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Cultured Coconut & Blueberries - Food Gypsy

Cultured Coconut Milk – Kitchen Alternatives

The things I eat in the name of research – gluten-free breads, tofu, liver and now – cultured coconut milk.  A dairy alternative with a similar texture to yogurt,  cultured coconut milk was a pleasant surprise, and is now among my list of alternative vegan ingredients.

Fruit, honey and plain yogurt, with a handful of raw almonds, is my anytime snack and ‘good for me’ dessert.  It gives my tummy all the live cultures it needs and fully satisfies when I’m sugar jagging.   But I’m always investigating new ingredients, looking for ways to incorporate them into my cooking, alternatives for the pro kitchen where I work, or looking for ideas for friends with dietary concerns.

A great all round solution for so many specialty diets, it’s a must share.

Cultured coconut milk is dairy-free, gluten-free, soy-free and kosher.  It contains the same live cultures plus more of my daily recommended calcium (30% vs. 15%) and iron (4% vs. 0%) than the plain yogurt that’s my current favorite.  What it lacks in B vitamins and protein, but makes up for it in fiber (8g vs. 0g).  It has a slightly higher saturated fat content than most yogurts, but coconut is among the healthiest plant based fats on the planet, making it a healthy diet alternative if you’re inclined to taste something new.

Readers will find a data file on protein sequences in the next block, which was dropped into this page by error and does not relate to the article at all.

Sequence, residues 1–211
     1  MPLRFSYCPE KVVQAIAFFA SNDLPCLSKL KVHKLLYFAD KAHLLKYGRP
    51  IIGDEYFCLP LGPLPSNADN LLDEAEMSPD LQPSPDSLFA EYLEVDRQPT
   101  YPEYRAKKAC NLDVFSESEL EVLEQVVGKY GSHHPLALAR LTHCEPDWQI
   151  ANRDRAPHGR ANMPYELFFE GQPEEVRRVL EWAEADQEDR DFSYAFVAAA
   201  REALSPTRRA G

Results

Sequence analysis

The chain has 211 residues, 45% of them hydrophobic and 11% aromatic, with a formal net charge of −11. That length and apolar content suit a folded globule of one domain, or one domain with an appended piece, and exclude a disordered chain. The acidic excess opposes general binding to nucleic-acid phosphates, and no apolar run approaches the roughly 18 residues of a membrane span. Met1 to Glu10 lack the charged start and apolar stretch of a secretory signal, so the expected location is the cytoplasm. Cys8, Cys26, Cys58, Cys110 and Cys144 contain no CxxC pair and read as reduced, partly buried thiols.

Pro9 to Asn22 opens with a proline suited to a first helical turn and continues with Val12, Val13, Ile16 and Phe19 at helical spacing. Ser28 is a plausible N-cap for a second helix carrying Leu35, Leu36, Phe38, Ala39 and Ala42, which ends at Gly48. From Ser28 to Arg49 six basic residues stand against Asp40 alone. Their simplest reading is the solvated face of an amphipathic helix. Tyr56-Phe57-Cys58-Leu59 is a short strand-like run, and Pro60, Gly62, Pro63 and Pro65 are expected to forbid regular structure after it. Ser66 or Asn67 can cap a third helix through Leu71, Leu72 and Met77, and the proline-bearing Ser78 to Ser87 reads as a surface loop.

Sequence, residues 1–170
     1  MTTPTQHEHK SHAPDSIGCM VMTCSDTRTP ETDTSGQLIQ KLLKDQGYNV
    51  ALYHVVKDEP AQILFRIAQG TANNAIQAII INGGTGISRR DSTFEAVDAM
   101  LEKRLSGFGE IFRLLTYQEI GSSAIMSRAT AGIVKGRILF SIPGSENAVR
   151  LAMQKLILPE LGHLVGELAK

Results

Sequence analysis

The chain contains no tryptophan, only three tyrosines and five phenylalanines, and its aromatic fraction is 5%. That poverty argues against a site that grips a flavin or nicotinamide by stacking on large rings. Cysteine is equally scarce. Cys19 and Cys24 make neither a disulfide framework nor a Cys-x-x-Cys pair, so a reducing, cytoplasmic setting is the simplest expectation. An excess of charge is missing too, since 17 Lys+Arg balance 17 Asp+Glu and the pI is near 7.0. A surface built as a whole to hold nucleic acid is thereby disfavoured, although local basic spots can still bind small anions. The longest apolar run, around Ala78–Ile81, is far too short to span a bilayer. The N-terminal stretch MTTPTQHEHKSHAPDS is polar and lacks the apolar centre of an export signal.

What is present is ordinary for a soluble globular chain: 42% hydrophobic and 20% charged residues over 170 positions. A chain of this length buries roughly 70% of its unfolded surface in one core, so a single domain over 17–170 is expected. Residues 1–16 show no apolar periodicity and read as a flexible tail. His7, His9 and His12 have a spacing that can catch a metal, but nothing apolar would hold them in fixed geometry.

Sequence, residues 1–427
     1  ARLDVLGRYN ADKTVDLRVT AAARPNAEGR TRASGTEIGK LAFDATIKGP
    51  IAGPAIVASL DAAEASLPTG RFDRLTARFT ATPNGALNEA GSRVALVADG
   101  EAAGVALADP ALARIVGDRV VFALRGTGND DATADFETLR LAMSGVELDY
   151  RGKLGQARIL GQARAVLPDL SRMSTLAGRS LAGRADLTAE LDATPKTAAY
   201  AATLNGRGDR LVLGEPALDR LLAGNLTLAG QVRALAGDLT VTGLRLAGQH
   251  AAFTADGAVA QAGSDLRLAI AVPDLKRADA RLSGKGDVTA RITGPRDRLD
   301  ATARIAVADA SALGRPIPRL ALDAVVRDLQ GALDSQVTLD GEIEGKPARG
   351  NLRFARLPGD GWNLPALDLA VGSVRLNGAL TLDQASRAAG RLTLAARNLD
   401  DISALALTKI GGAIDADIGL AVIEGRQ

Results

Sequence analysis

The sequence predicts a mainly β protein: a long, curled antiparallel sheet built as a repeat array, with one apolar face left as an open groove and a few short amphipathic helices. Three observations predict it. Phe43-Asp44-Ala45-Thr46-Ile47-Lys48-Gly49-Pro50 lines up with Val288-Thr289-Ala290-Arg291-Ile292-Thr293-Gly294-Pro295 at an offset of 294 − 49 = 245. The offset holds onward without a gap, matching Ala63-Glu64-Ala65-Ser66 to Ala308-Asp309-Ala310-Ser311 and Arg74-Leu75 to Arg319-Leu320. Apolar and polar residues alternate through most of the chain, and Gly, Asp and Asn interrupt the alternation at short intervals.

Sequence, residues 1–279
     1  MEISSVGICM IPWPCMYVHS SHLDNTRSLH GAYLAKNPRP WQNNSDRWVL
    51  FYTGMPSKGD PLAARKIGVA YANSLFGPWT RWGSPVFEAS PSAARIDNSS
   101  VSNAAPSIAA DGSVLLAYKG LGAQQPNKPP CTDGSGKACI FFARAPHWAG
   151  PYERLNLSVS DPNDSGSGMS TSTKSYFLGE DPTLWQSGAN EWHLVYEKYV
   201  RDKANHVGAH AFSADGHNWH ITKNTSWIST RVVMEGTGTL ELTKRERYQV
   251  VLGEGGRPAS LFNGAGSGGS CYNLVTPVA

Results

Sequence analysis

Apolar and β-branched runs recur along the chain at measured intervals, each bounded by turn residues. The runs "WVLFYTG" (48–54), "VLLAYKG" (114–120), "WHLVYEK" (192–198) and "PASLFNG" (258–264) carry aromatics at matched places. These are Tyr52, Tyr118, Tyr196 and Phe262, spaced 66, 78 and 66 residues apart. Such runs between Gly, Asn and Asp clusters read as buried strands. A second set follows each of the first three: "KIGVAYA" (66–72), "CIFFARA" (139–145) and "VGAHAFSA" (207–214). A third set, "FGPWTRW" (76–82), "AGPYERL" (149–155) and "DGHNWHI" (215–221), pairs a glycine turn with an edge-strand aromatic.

(Comparison:  Balkan Style Natural Yogurt – 6% Milk Fat)

The taste is slightly nutty and light.  The coconut flavour is an undertone as opposed to full frontal assault, so it’s easy on the taste buds as a solo item.  Cultured coconut milk blends well (for smoothies), because of it’s mild taste, it mixes well, and with all that nice coconut fat, it bakes extremely well.  Ideal as a binding agent in baking to replace eggs, along with it’s cousin coconut milk (or cream) to replace liquid dairy.   Gypsy approved.

For the record: some gluten-free bread is terrific, but some (in my opinion) still tastes like sawdust.  I’ve discovered I actually like liver (in the form of paté and foie gras), and while still not my favorite ingredient; tofu, smoked then grilled, is not bad at all.

Just one bite…

Cultured Coconut - Food Gypsy
Cultured coconut, in the Gypsy Kitchen…

Cori Horton

Cooking in her home kitchen just outside Ottawa, Canada; Cori Horton is a food photographer, recipe blogger and Food Business Consultant. A Cordon Bleu-trained Chef, Cori spent five years as the owner of Nova Scotia's Dragonfly Inn, ten years in catering, and has been sharing all things delicious - right here - since 2010.

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